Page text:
Browser keygen is dead, long live browser key generation!

Now that Chrome has killed off the keygen tag, and assuming other Browsers follow suit, what options are there for generating private keys within the browser? Perhaps WebCrypto and JavaScript can come to the rescue?


With thanks to the excellent PKI.js and the useful examples, we've added an option to the PKI Cloud Free Online CA service which demos this approach. It's an easy way to try generating private keys in a browser, sending a certificate request to a remote CA, receiving the response and wrapping everything up into a PKCS#12.

Here's how to give it a go in five easy steps.

1. Register your free account:
https://testca.pkicloud.com/x_/testca/#register/

2. Create your first CA and add a new user. Make sure you select the user's Token Type as 'User Generated'.



3. After being redirected to the user's page, click on the 'Collection Link' button.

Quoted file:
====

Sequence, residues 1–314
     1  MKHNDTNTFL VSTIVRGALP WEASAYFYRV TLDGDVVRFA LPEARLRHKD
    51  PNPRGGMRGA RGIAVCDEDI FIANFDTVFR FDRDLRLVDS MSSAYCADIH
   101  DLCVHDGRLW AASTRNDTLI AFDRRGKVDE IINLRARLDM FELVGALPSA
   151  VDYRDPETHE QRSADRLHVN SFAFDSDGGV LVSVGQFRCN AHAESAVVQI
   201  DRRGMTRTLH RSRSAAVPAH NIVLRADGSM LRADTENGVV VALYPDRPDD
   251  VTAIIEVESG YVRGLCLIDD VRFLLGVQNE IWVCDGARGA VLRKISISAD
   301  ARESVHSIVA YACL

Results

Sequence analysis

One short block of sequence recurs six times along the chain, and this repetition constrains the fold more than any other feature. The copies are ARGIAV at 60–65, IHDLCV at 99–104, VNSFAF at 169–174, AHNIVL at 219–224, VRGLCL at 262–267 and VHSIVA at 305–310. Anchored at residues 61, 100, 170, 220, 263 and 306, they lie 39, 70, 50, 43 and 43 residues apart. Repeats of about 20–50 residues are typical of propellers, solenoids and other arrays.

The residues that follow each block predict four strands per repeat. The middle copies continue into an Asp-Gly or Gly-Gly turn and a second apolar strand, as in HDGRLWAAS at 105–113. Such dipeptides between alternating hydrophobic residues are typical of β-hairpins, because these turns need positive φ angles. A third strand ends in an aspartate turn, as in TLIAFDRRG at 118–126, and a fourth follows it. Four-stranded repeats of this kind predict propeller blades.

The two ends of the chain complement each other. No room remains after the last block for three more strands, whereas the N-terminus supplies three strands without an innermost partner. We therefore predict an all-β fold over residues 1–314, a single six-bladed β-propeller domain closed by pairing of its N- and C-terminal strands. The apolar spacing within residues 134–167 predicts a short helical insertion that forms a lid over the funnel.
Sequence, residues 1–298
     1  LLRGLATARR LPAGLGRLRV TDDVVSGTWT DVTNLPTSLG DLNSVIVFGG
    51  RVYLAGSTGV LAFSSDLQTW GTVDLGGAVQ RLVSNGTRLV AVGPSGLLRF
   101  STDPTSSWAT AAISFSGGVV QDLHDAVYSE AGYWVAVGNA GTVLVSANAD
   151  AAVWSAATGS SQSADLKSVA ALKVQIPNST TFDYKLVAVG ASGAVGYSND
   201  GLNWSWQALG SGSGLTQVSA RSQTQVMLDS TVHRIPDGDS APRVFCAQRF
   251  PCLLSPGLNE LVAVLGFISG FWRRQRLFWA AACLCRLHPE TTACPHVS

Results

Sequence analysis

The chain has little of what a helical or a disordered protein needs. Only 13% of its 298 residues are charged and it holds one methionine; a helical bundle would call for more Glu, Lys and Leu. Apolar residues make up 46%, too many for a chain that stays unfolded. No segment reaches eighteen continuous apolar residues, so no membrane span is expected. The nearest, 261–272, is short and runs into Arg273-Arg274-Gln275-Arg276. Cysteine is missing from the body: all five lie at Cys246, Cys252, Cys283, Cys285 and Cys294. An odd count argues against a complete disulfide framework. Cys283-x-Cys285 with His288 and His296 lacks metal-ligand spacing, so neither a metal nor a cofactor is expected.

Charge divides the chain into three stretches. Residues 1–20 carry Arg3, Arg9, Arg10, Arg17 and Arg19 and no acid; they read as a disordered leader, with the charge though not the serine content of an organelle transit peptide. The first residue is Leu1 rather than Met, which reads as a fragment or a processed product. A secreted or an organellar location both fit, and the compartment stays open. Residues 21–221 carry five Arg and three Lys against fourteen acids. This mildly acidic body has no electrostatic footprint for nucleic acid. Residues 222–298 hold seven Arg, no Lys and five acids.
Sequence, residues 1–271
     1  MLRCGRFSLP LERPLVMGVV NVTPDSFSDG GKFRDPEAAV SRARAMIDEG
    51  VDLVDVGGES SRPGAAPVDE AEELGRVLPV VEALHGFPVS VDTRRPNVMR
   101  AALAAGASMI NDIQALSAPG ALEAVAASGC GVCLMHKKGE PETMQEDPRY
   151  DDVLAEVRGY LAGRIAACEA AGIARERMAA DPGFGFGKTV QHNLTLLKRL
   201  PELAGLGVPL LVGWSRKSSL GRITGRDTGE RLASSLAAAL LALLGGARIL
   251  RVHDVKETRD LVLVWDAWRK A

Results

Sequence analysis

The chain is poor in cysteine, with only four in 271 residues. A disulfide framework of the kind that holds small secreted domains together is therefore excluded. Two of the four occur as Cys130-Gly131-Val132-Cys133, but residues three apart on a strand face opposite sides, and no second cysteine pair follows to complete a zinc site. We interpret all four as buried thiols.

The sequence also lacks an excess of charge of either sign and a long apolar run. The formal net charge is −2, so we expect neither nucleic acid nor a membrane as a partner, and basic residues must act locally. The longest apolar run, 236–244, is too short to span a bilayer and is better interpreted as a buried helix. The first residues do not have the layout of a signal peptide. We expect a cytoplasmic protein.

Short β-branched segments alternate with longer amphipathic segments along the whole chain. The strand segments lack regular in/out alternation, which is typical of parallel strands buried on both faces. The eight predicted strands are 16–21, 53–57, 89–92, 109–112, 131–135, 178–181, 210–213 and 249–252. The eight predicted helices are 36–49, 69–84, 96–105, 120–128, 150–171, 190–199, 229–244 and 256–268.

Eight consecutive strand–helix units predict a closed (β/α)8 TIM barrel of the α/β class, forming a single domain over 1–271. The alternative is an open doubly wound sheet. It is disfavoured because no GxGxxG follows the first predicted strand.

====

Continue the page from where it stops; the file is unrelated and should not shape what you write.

4. Change the Key Generation type to 'Browser Key Gen' and choose your key type and specification.



5. Copy the link into another browser window, enter the user's enrollment code and collect your PKCS#12!







If you have trouble or want to re-issue, use the 'renew/re-issue' link on the user's settings tab.




So what is actually happening?

On loading the connection page link, the browser uses PKI.js to generate a key. In the example the key settings are "keyalg=RSA&keyspec=2048".
Once this key is generated a Certificate Signing Request is immediately created.
On hitting 'submit', the page sends the CSR and enrollment code to the PKI Cloud API, the API validates the code, issues a certificate and sends it back.
With more help from PKI.js, the browser then rolls the key and certificate into a PKCS#12 file and downloads it.


How can I read the PKCS#12?

PKI.js explains in the examples page:

PKIjs, also only supports creation of AES-CBC and AES-GCM protected PKCS#12’s which will not be readable by Windows which only supports weak ciphers in PKCS#12 files.

You can parse the Password-Based Privacy Protection variant PKIjs creates using this command:

openssl pkcs12 -in pkijs_pkcs12.p12 -nomacver


Are all browsers supported?

The best chance of success is to use an up to date version of Chrome. IE, Edge and Safari are not working at the moment. Firefox will work as long as RSA keys are used.


Can keys be generated on smart cards or USB tokens?

No, only software tokens are supported.




No comments:

Post a Comment